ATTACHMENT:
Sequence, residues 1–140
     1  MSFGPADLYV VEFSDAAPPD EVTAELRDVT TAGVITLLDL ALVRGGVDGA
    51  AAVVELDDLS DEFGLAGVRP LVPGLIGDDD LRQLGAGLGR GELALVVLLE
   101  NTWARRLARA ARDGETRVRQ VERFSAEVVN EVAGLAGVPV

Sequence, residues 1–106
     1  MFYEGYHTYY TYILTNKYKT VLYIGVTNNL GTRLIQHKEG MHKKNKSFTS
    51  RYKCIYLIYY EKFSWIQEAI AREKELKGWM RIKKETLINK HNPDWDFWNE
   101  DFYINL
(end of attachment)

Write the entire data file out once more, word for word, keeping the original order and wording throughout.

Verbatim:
Sequence, residues 1–140
     1  MSFGPADLYV VEFSDAAPPD EVTAELRDVT TAGVITLLDL ALVRGGVDGA
    51  AAVVELDDLS DEFGLAGVRP LVPGLIGDDD LRQLGAGLGR GELALVVLLE
   101  NTWARRLARA ARDGETRVRQ VERFSAEVVN EVAGLAGVPV

Sequence, residues 1–106
     1  MFYEGYHTYY TYILTNKYKT VLYIGVTNNL GTRLIQHKEG MHKKNKSFTS
    51  RYKCIYLIYY EKFSWIQEAI AREKELKGWM RIKKETLINK HNPDWDFWNE
   101  DFYINL